The Rino squishes in my church, who all also read lots of books (but not the kinds you talk about) have more people asking them for advice than me or the apologetics crowd. Let’s face it, if people think being a Christian means not watching TV or sports and being revulsed at the public schools and feminist university system like I do and think, then they won’t even be interested.
It’s the fact that the Lolos in the church who seem juat like the world make it easier for some folks to check out church.
The Holy Spirit placed a hunger in my heart for more, so even though I went to a Unitarian church as I was learning about Jesus, I left after a year because there was no satisfaction because of the crumbs they scatter. But it was a natural bridge from the self help Al-anon groups I was attending.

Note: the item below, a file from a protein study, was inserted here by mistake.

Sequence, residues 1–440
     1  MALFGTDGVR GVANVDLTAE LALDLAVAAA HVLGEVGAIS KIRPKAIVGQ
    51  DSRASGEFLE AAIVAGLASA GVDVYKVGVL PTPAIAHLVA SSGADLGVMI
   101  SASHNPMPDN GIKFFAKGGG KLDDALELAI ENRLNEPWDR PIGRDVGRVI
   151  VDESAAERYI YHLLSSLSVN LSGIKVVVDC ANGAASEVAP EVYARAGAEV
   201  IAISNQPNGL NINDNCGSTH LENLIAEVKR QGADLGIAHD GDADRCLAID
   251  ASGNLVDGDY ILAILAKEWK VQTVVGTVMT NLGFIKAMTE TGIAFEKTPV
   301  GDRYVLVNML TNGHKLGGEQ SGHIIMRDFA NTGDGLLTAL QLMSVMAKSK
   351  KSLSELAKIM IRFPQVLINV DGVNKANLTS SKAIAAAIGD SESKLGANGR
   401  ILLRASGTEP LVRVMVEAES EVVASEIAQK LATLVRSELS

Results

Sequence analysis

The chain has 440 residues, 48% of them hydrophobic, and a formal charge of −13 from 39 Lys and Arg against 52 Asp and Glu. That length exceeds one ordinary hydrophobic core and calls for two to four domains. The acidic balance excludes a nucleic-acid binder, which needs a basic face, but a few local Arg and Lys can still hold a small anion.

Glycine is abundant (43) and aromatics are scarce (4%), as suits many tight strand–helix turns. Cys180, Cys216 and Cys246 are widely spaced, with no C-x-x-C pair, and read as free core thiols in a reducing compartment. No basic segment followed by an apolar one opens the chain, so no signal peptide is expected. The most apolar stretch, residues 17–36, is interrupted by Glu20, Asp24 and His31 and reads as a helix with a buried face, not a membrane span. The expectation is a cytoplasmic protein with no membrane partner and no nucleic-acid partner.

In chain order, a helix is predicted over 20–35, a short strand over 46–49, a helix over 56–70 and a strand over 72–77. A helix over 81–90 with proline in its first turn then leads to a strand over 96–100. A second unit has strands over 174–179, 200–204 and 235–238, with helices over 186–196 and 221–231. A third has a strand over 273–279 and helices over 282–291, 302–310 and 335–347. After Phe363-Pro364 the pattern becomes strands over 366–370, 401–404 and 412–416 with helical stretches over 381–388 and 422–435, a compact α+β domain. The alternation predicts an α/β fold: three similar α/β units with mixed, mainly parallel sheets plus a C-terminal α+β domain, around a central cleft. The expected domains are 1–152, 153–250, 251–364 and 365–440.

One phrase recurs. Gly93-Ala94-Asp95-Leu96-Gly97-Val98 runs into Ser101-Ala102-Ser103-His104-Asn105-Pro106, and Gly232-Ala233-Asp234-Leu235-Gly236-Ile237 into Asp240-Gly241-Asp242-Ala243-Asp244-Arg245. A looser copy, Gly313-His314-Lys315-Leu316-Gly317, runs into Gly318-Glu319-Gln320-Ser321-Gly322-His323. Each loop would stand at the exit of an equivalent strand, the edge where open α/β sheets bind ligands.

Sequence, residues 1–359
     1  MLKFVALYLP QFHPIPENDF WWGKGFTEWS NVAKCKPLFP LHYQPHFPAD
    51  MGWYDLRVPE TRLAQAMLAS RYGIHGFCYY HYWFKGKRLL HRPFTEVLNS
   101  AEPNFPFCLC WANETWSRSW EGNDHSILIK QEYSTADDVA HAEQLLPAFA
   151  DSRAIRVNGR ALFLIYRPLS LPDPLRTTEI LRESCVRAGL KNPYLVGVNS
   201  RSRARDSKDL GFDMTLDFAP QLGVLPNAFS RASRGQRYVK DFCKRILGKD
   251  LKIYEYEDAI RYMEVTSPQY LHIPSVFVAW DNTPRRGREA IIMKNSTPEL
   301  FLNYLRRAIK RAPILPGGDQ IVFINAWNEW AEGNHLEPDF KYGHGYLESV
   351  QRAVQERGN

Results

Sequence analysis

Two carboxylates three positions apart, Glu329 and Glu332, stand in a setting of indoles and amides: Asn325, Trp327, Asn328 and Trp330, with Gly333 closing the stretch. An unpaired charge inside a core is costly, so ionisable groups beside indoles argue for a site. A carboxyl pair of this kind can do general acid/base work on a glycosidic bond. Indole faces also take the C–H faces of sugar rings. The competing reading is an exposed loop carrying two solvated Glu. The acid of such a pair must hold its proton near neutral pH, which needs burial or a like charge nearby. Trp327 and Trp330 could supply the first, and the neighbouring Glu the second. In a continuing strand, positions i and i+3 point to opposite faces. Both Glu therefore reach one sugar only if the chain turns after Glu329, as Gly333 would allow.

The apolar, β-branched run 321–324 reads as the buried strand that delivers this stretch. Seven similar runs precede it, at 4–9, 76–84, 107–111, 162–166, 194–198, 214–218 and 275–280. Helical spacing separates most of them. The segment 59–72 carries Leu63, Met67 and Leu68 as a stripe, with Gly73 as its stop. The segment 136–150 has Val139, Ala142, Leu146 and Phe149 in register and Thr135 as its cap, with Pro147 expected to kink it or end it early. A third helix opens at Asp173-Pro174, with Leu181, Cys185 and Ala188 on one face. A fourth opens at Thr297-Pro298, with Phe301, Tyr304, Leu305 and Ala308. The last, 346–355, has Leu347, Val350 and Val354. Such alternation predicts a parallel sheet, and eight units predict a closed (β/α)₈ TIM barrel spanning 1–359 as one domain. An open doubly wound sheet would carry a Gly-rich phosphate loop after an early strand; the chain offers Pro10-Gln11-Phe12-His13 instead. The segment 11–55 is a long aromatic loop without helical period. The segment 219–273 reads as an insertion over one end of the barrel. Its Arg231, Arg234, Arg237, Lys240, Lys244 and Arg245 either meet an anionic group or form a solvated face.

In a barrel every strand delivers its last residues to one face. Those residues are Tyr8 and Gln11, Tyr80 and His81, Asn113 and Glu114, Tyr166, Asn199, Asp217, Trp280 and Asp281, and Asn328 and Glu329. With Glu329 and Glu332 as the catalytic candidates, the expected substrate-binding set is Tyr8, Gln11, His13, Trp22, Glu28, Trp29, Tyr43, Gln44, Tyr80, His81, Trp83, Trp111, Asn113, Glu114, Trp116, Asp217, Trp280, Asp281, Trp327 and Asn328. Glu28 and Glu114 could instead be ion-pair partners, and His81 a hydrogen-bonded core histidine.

But you are still right to call for more from Lolo. It’s not loving to allow a believer to wallow and glory in immaturity.
I find her physically unattractive because of the jaw, neck, shoulders and arms and because I associate those ugly manlike fearures on a woman athlete as a misspent pursuit of sexual equality and self -glory.
She was too busy training to be married.